Before migrating to a PWA you should make sure that your site is cross-browser compliant. Browser makers have gone to great lengths to make sure the rendering delta between browsers is small, but you’ll still want to make sure your app runs in all browsers before moving to a PWA.
To create a PWA you need to define your web project as an application. In the past, you’ve done this with a manifest file and image assets. The problem was that each platform (like Chrome Apps and Windows Apps) had different manifest formats and asset requirements. PWAs require those same components, but standardize them so you build the app once and run it across all platforms that support PWAs. There are three requirements for building a PWA:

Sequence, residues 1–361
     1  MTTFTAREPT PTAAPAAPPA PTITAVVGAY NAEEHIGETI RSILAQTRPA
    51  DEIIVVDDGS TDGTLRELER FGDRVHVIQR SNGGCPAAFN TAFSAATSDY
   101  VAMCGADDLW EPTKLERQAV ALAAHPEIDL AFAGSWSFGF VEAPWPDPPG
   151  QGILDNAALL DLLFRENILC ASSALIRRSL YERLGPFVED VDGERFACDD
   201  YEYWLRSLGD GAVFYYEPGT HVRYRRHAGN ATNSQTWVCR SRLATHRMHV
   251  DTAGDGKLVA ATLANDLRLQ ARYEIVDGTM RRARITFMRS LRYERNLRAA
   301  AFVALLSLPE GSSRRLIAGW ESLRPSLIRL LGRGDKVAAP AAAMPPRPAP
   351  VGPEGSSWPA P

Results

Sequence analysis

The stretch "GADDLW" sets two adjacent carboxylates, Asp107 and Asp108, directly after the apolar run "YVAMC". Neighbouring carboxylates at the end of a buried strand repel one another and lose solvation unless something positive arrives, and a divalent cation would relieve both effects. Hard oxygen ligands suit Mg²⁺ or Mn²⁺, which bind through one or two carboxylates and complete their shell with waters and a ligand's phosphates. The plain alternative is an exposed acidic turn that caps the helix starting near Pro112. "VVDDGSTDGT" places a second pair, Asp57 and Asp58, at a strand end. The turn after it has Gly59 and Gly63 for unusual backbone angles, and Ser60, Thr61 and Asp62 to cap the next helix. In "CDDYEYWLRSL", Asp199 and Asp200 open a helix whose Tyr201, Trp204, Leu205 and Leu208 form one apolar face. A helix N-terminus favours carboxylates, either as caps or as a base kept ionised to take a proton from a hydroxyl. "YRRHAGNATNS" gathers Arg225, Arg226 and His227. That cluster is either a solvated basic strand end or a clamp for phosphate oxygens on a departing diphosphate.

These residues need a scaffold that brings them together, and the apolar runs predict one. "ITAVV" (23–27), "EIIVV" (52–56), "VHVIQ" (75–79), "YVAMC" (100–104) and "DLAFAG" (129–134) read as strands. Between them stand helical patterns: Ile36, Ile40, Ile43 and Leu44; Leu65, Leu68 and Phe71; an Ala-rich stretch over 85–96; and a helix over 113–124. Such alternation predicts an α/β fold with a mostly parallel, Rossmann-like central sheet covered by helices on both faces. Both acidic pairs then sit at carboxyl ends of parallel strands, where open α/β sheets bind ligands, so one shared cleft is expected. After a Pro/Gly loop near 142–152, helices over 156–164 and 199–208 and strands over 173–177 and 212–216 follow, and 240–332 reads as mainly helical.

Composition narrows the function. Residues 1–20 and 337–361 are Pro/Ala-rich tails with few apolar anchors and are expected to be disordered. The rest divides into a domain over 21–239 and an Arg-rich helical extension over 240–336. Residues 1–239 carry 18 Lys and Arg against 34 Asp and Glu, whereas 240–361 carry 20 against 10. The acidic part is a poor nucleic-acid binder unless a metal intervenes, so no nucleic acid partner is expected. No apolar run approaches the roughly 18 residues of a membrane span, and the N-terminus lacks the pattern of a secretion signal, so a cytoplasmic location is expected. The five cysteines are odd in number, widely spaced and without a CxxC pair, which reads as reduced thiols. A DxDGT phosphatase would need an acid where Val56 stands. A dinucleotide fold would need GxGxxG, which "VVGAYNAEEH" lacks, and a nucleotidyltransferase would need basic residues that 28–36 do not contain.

- Your site must be hosted on an encrypted environment. This means it needs to be send as https instead of http. This has always been a recommendation for Chrome and Windows apps, but with PWAs it’s a requirement. If you don’t have an HTTPS certificate for your site already, get one today. The good news is this is easier than ever, thanks to resources like Let’s Encrypt.
- You need to have a W3C Web App Manifest. This is one standard manifest that supports your PWA across all platforms. We recently introduced PWA Builder, which simplifies and automates building a manifest so it’s as easy as providing resources and a description for your app.
Run your new PWA today as a “Hosted Web App” on Windows 10
Because PWAs are designed around the principle of progressive enhancement, building a PWA today will not only prepare you for next-generation experiences on desktop and mobile devices, but PWAs can already run as Hosted Web Apps today on Windows 10, and with a polyfill on Android and iOS.